Mental health professionals in our community want parents and teachers to help prepare children and even adults for the anxiety they will likely feel when tornado sirens resume audible testing on Tuesday.
Severe weather sirens have not been sounded since the November 17 tornadoes that destroyed many homes in central Illinois. It’s important to understand the potential for new storms and even the testing of the tornado warning sirens could bring about increased fear and reactions from children and adults alike.
The Long-Term Behavioral Health Recovery Group, a collaboration of clergy and mental health professionals brought together by the American Red Cross Disaster Services in response to the November tornadoes, reminds us that talking with children about weather patterns and sirens will not produce fear or anxiety for most kids, regardless of their age. In many cases, it will actually help reduce the anxiety they will feel when the sirens are tested.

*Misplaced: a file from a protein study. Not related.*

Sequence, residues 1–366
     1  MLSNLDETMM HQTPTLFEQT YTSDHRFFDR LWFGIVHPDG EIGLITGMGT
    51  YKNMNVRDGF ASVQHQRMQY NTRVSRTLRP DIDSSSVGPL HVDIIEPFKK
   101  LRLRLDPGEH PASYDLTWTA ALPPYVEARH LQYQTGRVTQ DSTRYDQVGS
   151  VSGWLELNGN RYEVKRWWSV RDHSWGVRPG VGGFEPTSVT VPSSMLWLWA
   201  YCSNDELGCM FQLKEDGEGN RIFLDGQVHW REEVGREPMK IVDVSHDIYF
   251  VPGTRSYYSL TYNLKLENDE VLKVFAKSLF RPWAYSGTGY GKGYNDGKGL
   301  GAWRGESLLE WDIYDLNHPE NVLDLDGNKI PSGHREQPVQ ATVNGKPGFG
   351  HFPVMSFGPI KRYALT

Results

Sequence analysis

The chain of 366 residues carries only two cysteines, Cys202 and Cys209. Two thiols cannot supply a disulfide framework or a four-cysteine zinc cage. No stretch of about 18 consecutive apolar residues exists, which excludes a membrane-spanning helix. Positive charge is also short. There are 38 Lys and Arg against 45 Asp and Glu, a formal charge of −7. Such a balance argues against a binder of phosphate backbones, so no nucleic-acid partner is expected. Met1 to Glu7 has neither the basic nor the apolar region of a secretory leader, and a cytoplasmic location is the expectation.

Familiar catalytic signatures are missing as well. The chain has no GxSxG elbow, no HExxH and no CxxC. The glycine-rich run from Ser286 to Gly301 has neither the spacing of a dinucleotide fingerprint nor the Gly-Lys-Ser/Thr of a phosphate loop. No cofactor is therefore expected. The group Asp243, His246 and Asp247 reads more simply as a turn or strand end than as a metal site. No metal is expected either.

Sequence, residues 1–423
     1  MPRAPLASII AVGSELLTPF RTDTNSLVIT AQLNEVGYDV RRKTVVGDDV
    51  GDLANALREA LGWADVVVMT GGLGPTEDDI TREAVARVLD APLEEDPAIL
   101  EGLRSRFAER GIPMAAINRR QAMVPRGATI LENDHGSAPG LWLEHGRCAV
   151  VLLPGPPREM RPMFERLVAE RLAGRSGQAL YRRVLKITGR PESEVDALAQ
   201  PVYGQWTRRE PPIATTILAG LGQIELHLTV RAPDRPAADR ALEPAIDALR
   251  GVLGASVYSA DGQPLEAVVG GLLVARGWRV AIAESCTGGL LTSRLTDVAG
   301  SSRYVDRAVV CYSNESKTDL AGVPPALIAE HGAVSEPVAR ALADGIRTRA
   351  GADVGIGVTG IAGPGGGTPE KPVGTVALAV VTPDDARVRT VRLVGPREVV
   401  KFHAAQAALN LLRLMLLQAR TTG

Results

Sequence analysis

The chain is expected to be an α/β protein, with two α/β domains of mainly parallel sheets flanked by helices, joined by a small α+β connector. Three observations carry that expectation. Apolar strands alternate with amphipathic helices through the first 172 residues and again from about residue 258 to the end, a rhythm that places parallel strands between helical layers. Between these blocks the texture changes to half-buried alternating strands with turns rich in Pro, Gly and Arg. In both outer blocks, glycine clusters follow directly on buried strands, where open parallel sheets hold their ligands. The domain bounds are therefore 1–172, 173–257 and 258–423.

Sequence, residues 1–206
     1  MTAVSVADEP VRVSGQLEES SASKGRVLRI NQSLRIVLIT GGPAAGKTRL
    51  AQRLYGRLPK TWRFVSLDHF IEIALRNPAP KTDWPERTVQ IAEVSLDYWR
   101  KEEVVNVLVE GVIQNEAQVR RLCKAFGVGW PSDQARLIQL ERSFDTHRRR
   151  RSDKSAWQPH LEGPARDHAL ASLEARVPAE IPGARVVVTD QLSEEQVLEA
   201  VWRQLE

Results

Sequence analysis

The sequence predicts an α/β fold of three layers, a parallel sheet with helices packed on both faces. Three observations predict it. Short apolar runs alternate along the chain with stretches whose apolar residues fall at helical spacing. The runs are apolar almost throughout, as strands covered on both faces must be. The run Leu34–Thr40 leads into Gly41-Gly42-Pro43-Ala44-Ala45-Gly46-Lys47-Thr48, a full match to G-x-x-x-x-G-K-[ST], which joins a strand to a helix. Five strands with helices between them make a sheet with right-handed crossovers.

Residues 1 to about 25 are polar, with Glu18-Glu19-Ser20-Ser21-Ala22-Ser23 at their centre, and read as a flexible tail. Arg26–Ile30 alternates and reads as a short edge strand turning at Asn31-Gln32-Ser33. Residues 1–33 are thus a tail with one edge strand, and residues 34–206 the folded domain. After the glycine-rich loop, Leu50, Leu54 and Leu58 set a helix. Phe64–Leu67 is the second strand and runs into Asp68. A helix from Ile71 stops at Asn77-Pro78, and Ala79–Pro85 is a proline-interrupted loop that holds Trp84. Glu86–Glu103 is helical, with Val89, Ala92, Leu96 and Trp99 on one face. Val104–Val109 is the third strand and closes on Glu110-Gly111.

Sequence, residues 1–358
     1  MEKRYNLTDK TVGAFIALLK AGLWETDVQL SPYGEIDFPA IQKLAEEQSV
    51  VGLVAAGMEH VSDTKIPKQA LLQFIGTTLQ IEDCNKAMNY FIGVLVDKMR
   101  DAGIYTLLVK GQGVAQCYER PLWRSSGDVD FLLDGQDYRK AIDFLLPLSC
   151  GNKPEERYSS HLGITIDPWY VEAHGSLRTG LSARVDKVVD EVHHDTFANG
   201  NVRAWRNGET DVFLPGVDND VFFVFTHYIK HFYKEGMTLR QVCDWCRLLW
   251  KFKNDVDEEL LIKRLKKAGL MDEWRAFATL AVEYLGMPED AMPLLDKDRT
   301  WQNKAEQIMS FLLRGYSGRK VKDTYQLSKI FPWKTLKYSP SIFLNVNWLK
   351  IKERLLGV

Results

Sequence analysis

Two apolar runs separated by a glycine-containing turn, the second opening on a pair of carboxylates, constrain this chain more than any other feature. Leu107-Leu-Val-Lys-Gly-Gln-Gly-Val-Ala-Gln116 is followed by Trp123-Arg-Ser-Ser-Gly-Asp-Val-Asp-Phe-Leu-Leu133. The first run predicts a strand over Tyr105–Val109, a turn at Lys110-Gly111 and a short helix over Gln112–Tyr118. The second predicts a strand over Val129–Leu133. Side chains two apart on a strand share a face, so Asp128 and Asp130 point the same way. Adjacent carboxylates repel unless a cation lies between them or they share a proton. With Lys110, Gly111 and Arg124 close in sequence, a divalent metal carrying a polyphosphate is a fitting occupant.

Members of the group are available for media interviews to provide additional information.
Gail Koch, MA, LCPC
Coordinator, OSF Medical Group Community Behavioral Health Services
(309) 683-6506 or (309) 369-2609
Corey Campbell, LCSW
Project Director, Mobile Wellness & Recovery Program, Human Service Center
(309) 671-8072 or (309) 264-3087